(Trees) by Dong Kingman

(Trees) by Dong Kingman

(Trees)

Dong Kingman

Please call us at 707-546-7352 or email artannex@aol.com to purchase this item.
Title

(Trees)

 
Artist

Dong Kingman

  1911 - 2000 (biography)
Year
(1952) 
Technique
watercolor 
Image Size
21 1/4 x 15" image 
Signature
signed in pigment within image area 
Edition Size
 
Annotations
To my dear teacher Miss Boone with best wishes 1952 DONG KINGMAN, in pigment lower right within image 
Reference
 
Paper
Arches France wove 
State
 
Publisher
 
Inventory ID
18639 
Price
$2,500.00 
Description

California artist Dong Kingman took courses in painting from noted watercolorist and printmaker Cora Boone, who taught in various Oakland schools throughout the 1920s, ‘30s, and ‘40s. Like Boone, Kingman often eschewed the color black in favor of rich, dark blues and browns to convey shadow and depth when it came to watercolors. In this image we see, as well, the influence of his Chinese heritage in the layout of the composition - long and centered with a vignette-like quality - akin to painted scrolls. He works in a delicate hand to capture the dappled light and subtle patterns of the trees’ bark. Though he was discouraged from pursuing art as a child and young man by his family, he went on to become a successful fine and graphic artist, as well as a celebrated teacher.

This painting was a gift from Kingman, the student, to artist Cora Boone, the teacher - and is from her estate.

Dong Kingman was born Song Moy Shu on March 31, 1911, in Oakland, California. At age five, he moved with his family to Hong Kong where his father established a dry goods business. According to Chinese custom, Kingman was given his new name when he entered school. Hearing that he aspired to be an artist, his teacher gave him the name of King (scenery) Man (composition). He later combined the two names.

At the Chan Sun Wen school, Kingman excelled at Calligraphy and watercolor painting, despite his family's discouragement of his artistic interests. He studied under Szetzo-Wai, the Paris-trained head of the Lingman Academy, who would introduce him to Northern European trends.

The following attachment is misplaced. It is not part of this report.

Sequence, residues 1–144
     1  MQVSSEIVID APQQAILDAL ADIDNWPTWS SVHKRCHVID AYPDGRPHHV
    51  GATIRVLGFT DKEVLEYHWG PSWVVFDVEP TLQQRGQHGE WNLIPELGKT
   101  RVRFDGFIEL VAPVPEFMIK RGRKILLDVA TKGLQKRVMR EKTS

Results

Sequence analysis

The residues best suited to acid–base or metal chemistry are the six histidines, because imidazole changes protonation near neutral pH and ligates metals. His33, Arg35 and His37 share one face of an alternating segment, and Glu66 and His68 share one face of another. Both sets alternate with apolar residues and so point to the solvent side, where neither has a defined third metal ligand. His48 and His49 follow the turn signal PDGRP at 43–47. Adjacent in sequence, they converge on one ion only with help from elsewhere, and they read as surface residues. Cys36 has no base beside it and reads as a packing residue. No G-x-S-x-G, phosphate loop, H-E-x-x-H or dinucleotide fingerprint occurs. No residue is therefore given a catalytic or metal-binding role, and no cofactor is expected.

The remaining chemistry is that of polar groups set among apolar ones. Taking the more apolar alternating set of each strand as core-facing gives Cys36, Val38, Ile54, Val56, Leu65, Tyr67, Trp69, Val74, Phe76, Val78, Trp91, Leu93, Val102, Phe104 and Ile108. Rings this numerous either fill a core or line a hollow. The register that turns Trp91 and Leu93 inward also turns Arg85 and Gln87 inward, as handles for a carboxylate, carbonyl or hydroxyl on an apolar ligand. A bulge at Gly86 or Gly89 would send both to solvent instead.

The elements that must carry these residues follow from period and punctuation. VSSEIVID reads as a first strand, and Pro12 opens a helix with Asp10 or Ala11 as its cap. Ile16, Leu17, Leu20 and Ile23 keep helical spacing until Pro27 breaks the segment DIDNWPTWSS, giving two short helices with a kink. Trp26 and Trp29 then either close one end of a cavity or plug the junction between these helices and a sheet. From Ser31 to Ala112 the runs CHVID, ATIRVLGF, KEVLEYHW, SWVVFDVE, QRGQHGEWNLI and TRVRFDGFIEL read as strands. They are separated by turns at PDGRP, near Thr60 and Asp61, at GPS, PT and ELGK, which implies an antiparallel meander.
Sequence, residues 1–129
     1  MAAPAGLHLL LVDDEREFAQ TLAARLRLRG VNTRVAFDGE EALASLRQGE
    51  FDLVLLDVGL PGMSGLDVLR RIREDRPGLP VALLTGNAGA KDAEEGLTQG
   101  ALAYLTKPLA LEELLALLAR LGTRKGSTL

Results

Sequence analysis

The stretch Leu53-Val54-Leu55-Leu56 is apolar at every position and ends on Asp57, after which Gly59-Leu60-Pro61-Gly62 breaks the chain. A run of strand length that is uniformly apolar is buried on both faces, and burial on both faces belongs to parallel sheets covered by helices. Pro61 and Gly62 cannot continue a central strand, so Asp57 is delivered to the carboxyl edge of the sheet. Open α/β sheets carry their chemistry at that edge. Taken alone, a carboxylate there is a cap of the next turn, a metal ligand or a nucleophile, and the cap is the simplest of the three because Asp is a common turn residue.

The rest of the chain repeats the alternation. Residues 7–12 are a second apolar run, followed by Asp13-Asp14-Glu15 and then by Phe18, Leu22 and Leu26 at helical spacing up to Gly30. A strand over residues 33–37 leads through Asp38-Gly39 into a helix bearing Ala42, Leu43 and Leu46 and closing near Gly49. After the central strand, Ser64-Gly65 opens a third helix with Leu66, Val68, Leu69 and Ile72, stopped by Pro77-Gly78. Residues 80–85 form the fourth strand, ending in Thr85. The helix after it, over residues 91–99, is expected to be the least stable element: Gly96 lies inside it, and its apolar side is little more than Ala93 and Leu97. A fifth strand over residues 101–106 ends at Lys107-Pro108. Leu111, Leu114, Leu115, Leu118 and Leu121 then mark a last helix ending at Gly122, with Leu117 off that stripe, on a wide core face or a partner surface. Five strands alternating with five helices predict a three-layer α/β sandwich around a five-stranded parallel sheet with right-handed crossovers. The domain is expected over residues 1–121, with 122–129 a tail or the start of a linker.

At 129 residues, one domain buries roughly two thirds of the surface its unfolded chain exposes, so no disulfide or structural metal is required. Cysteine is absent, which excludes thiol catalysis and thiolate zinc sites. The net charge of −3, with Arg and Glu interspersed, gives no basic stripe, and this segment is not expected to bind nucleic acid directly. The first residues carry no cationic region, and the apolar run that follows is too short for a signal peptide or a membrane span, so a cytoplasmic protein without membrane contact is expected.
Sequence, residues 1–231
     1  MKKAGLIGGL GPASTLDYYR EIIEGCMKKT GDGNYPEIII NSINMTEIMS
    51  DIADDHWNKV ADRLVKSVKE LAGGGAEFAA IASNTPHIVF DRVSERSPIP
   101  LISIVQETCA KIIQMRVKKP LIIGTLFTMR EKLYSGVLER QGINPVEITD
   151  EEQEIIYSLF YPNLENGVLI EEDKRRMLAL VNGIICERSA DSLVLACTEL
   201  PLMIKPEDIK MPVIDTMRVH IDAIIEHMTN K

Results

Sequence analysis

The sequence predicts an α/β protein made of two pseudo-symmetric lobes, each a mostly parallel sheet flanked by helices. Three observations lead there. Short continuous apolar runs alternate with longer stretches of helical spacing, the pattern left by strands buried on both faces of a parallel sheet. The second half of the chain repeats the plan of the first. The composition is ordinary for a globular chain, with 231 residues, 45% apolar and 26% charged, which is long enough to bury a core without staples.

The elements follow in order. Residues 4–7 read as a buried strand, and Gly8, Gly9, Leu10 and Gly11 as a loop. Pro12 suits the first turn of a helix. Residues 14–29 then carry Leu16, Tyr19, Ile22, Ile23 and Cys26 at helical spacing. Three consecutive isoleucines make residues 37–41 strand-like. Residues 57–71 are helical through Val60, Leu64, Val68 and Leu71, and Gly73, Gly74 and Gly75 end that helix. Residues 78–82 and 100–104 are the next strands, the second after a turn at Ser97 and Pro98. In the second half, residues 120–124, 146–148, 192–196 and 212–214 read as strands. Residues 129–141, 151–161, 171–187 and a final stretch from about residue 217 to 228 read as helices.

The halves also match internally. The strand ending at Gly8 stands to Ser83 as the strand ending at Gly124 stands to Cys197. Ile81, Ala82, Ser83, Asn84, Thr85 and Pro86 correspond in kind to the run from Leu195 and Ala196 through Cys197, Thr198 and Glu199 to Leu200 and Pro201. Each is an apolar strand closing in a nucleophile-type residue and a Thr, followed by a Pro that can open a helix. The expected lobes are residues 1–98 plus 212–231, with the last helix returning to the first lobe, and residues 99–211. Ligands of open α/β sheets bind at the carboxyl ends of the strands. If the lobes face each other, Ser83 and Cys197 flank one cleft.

In 1929, still a teenager, Kingman returned to Oakland, and attended the Fox Morgan Art School while holding a variety of jobs. It was at this time he decided to concentrate on watercolors. During the Depression, Kingman would emerge as one of the nation's leading practitioners of the medium, and was one of the pioneers of the California Style school of painting. His first solo show in San Francisco was an instant success, with critcs remarking on his dramatic, dynamic depictions of urban life which became a main focus of Kingman's work.

Beginning in 1936, Kingman was a participating artist in the Works Progress Administration (WPA). Over the next five years he created nearly 500 paintings for the program, which not only helped artists but made America aware of its own art. During this time he also earned two Guggenheim Fellowships back to back, which allowed him to travel. In 1941 he joined the army, and was assigned to the Office of Strategic Service (OSS) at Camp Beal, California and then to Washington D.C. After the war he settled in New York, assuming teaching positons at Columbia University and Hunter College.

In 1954 Kingman became a cultural ambassador for the United States. He was involved in the film industry in the 1950s and 1960s, where he served as a technical advisor. He created the backdrops for such films as Flower Drum Song, and 55 Days at Peking. In 1981, China's Ministry of Culture hosted an exhibition of Kingman's paintings. It was the first American solo show since the resumption of American and Chinese relations. Kingman's work is included in the Metropolitan Museum of Art, Museum of Fine Arts Boston, Brooklyn Museum, de Young Museum, and the Art Institute of Chicago.

 

Please call us at 707-546-7352 or email artannex@aol.com to purchase this item.